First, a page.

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Don’t Tamper With Own-Use Import Rules

An article in the April 2009 issue of the Canadian Medical Association Journal said the government allows unrestricted imports of unapproved and untested antibiotics used in meat production that contribute to antibiotic resistance in humans. The CMAJ article tried to relate the importation of animal health products by producers under the “own use importation” provision to cephalosporin and fluoroquinolone usage in livestock and antimicrobial resistance to the same class of drugs in humans. Immediately the CBC and the Globe and Mail picked up the CMAJ article. Articles like these are based on misinformation and damage the reputation of the Canadian cattle and beef industry, as well as the Canadian government. Health Canada’s Veterinary Drug Directorate is currently reviewing changes to the “own use importation” policy for veterinary drugs. Stories like the one published in the CMAJ can lead to political pressure to make regulatory changes that are not based on facts or scientifically sound risk assessments of animal and food safety.

The main reason producers have been importing some veterinary animal health products into Canada is price. USDA-FDA approved generic ivermectins have been as much as 75 per cent lower in price than similar products in Canada. Growth implants have been as much as 40 per cent lower in the U. S. versus Canada. Due to a much smaller market in Canada and regulatory impediments associated with the Canadian approval/registration process, pharmaceutical companies do not try to license some products, including generics, in Canada. Competition is needed in the pharmaceutical marketplace to keep prices reasonable and to help Canadian cattle producers and veterinarians remain competitive in a global beef market. This is going to become even more difficult because of the ongoing consolidation of the pharmaceutical industry, with Merial purchasing Schering-Plough Intervet and Pfizer purchasing Wyeth (Fort Dodge). These two new worldwide companies will control the majority of the marketplace in veterinary products. Thus, Canadian livestock producers should have the ability to import USDA-FDA approved over the counter (OTC) veterinary animal health products and Canadian veterinarians should have the ability to import USDA-FDA approved OTC and prescription veterinary animal health products.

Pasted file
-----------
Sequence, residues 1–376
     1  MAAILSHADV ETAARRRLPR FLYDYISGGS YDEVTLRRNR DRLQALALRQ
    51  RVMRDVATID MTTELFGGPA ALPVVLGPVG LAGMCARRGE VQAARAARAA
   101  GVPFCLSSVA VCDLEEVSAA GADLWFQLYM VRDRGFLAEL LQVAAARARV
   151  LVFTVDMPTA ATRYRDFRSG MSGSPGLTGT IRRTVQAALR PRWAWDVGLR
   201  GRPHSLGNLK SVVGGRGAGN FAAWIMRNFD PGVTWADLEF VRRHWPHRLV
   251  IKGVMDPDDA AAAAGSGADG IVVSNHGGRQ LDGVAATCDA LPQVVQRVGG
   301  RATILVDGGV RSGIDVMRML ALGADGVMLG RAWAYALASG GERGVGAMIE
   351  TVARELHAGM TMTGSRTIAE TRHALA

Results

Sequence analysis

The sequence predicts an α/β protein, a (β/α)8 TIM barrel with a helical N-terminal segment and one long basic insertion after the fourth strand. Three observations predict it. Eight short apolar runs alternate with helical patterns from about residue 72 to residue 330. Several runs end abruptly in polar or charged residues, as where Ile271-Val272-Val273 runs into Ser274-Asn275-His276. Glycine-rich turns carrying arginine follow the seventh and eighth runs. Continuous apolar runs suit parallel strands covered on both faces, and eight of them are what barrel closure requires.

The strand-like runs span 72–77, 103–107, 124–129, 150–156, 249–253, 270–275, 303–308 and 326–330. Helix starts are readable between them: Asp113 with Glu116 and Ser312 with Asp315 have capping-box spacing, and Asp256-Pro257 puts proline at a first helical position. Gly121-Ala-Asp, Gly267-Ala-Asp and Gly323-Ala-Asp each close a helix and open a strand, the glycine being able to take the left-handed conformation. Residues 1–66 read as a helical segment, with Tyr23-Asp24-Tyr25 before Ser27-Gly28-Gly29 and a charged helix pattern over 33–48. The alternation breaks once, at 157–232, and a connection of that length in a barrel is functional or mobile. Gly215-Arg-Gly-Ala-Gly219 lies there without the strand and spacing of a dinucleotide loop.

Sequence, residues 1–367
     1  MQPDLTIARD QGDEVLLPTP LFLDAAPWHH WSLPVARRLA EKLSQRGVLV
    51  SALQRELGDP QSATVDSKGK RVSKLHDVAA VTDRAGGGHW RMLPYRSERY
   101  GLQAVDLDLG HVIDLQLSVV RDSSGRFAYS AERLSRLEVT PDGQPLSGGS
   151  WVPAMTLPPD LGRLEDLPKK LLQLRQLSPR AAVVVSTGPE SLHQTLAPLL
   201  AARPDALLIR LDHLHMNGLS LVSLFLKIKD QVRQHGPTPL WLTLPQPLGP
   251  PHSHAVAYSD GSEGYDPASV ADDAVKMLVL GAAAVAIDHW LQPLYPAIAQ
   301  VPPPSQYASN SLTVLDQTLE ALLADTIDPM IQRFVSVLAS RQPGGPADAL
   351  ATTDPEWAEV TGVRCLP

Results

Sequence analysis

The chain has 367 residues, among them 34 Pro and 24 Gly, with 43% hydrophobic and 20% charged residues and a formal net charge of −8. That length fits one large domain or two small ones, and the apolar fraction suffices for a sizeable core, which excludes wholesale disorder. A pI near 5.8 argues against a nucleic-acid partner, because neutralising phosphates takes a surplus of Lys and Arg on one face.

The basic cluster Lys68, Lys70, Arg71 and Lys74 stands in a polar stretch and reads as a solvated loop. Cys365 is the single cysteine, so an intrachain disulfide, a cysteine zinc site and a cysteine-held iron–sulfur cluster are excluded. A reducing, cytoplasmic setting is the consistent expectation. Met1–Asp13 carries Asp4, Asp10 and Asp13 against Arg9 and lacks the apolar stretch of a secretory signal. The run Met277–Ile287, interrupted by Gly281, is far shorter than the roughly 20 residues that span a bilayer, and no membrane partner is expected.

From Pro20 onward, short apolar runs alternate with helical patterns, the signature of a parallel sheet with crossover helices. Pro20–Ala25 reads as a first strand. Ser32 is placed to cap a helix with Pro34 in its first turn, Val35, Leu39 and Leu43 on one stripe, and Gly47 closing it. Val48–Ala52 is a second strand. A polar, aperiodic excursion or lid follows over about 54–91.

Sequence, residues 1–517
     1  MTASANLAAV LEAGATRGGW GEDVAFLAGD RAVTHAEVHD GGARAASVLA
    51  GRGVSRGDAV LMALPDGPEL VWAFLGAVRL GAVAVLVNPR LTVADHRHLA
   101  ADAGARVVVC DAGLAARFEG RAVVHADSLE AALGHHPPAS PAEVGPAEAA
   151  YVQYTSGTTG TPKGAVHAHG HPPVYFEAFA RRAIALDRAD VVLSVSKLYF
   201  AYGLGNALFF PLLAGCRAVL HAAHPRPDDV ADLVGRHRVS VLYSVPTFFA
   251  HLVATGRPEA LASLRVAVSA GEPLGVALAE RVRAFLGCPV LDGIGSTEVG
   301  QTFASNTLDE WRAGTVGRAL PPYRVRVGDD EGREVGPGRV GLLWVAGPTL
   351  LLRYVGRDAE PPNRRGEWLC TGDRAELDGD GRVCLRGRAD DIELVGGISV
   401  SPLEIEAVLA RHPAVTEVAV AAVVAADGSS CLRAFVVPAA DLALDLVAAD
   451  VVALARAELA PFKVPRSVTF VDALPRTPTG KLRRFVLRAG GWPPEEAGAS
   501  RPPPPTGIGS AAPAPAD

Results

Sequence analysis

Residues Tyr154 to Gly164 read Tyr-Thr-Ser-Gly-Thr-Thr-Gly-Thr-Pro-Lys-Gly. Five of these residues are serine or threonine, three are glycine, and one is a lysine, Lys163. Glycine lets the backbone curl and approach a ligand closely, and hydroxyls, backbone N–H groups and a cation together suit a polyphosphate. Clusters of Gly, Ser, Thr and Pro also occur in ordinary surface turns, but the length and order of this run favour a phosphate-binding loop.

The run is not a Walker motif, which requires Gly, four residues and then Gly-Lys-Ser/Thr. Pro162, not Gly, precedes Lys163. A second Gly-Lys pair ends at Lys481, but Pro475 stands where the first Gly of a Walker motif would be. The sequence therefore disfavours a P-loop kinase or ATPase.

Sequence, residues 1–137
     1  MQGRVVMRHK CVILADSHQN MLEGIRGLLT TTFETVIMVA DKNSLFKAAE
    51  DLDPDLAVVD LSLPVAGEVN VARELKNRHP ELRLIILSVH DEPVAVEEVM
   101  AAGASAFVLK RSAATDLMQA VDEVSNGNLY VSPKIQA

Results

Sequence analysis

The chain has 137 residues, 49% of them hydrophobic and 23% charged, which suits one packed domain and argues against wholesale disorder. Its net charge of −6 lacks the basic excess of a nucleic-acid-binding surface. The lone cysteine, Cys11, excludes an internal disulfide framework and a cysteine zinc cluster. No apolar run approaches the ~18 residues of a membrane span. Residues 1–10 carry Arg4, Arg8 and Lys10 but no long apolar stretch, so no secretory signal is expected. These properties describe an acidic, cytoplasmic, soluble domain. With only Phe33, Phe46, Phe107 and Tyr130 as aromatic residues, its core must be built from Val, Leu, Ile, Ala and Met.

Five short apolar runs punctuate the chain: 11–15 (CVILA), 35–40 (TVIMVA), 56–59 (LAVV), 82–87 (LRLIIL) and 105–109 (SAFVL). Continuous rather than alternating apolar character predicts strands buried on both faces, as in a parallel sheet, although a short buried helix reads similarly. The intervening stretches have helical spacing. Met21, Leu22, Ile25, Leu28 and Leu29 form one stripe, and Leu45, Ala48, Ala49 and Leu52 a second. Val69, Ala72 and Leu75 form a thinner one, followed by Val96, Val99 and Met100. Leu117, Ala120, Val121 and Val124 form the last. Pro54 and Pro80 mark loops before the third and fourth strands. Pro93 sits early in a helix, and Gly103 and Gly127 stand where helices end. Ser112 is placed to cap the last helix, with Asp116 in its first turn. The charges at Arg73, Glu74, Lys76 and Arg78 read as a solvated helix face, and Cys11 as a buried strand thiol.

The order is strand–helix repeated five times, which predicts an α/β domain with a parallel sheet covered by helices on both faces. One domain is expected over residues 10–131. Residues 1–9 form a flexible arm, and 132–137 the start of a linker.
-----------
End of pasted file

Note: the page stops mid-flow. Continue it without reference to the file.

Regarding comments in the CMAJ article on cephalosporin and fluoroquinolone resistance, it must be remembered that these are prescription drugs in Canada and the U. S. Cephalosporins are better known to cattle producers as the veterinary drugs Excenel (Naxcel in the USA) and Excede. Fluoroquinolones used in cattle are Baytril and A180.

Prescription drugs cannot be imported by producers under the own-use provision so antimicrobial resistance to cephalosporins and fluoroquinolones in cattle, beef or the environment, has nothing to do with the own-use provision. It is simply a red herring.